Long before Matt McLaughlin became active in the National Restaurant Association’s Conserve initiative, he began implementing environmentally friendly practices at The Rockfish, an Ocean Pro restaurant in Annapolis, Md.
Ocean Pro started by expanding its sustainable seafood offerings at The Rockfish. That was easy because the company has direct access to fisheries through Profish, Ocean Pro’s seafood distribution company. Today, about 12 of The Rockfish’s 15 seafood options are sustainable, and a quarter of its wines come from certified organic wineries that don’t use pesticides, McLaughlin says.
From there, he started investigating green roofs, which allow businesses or homeowners to grow plants above a draining and filtration system. The engineering can be complicated because the systems can add eight to 25 pounds per square foot to the roof, McLaughlin says. “And they tend to be expensive.”
Instead, he had 4-foot by 4-foot boxes built on the roof, where employees planted herbs. This year, they added more boxes and planted lettuce, green beans, cucumbers and cabbage. So far, it’s cost about $1,200, but it’s almost half as effective in slowing and filtering storm runoff as the green roof — at 1 percent of the cost, McLaughlin says.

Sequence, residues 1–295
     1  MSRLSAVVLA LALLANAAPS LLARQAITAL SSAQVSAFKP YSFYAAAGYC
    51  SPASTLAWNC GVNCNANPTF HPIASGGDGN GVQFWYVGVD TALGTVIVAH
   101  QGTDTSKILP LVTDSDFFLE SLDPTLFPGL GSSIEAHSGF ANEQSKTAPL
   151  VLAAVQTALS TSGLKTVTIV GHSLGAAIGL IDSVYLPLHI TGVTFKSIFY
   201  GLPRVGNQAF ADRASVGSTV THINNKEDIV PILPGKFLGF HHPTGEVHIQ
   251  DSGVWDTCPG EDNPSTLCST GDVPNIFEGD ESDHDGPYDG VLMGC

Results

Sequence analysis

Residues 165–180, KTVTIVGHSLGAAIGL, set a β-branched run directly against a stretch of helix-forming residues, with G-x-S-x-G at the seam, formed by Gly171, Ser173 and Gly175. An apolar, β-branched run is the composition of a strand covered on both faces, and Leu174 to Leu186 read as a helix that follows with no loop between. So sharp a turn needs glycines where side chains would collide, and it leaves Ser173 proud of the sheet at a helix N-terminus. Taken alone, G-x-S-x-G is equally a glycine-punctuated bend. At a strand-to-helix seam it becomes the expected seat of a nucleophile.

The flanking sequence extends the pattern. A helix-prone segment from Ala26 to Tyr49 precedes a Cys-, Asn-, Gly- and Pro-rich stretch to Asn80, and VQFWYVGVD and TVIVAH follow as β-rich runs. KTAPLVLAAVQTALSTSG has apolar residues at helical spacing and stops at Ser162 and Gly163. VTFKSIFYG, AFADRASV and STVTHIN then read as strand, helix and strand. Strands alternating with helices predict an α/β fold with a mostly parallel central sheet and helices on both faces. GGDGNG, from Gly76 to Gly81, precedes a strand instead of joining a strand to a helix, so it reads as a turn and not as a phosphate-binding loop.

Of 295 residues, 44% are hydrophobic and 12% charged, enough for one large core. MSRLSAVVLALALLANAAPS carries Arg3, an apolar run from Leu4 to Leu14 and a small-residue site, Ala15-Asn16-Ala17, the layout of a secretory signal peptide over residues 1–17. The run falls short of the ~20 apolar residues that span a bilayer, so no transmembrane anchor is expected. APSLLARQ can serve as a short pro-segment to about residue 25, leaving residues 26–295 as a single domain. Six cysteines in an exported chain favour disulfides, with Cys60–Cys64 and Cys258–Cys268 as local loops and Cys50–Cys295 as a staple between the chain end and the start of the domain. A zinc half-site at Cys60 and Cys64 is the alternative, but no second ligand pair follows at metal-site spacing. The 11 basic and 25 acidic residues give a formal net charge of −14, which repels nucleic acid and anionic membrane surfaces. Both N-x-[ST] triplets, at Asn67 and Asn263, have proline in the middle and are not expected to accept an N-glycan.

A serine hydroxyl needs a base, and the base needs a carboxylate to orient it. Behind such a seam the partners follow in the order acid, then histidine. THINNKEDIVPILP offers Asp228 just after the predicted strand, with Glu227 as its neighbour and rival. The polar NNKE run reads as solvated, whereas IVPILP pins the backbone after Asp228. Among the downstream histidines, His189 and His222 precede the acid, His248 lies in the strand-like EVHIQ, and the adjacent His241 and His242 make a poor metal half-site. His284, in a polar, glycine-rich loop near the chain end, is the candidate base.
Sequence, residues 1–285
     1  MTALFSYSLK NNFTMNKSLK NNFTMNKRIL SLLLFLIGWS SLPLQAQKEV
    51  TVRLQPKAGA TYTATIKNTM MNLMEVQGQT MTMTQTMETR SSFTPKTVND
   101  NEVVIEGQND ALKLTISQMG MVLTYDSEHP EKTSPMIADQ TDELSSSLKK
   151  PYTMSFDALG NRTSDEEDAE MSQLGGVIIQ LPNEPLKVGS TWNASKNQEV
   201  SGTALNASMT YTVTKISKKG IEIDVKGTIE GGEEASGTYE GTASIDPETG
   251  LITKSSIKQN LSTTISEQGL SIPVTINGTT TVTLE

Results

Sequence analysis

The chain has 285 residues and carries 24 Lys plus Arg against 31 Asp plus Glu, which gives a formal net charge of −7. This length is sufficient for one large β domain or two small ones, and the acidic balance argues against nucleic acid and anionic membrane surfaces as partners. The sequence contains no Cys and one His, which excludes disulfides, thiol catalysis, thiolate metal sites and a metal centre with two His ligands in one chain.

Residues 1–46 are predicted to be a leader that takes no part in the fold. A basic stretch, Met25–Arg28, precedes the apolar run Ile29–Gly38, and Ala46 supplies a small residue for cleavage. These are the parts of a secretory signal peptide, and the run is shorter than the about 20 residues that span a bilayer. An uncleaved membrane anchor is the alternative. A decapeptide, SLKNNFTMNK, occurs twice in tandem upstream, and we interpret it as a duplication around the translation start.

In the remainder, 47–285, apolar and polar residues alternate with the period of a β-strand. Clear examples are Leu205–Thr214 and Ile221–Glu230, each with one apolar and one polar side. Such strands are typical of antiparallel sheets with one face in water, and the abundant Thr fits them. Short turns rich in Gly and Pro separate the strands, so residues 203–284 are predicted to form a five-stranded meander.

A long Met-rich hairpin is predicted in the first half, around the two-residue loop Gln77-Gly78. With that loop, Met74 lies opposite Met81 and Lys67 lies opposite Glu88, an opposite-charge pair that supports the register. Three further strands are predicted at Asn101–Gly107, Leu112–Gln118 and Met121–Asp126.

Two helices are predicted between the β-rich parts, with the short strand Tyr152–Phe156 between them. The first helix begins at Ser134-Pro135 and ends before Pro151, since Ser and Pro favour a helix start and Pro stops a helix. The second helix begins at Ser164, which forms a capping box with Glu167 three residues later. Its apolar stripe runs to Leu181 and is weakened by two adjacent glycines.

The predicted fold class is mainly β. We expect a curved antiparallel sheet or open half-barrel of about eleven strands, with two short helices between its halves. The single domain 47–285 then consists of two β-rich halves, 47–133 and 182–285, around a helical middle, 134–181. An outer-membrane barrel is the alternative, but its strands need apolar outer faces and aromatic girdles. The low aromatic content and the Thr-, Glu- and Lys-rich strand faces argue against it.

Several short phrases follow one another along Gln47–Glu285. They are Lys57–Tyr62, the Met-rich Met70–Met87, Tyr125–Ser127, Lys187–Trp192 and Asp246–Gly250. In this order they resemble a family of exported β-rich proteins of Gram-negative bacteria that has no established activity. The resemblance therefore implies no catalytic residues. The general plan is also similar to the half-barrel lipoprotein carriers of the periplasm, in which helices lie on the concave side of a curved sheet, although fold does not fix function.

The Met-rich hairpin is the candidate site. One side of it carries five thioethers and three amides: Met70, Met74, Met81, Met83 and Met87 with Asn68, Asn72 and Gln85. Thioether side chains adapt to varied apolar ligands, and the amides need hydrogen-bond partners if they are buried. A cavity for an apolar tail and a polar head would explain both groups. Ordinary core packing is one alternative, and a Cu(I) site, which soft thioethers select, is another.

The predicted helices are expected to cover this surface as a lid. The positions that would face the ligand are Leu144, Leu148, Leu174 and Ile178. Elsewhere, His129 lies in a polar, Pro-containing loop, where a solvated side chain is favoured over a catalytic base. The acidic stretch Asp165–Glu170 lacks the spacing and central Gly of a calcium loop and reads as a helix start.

“We’re really proud of that,” he says. “We have enough cilantro, parsley and rosemary to garnish our plates every weekend. And we design our weekend specials around the lettuce or cucumbers or whatever’s blooming.”
Then the company started a recycling program. At the time, the county didn’t offer recycling for businesses. So McLaughlin found a recycling facility that would take its recycled waste for $12,000 a year. Then he started thinking about how to help smaller businesses in the community that couldn’t afford an extra $1,000 a month to recycle.
So he set up big bins for cardboard, aluminum, plastic, glass and newspaper and told fellow business owners that The Rockfish would buy them a beer when they dropped off their recycling. McLaughlin took the items to the recycling plant, which now accepts the waste for free.
McLaughlin believes many small opportunities are available for restaurants to become more environmentally sound.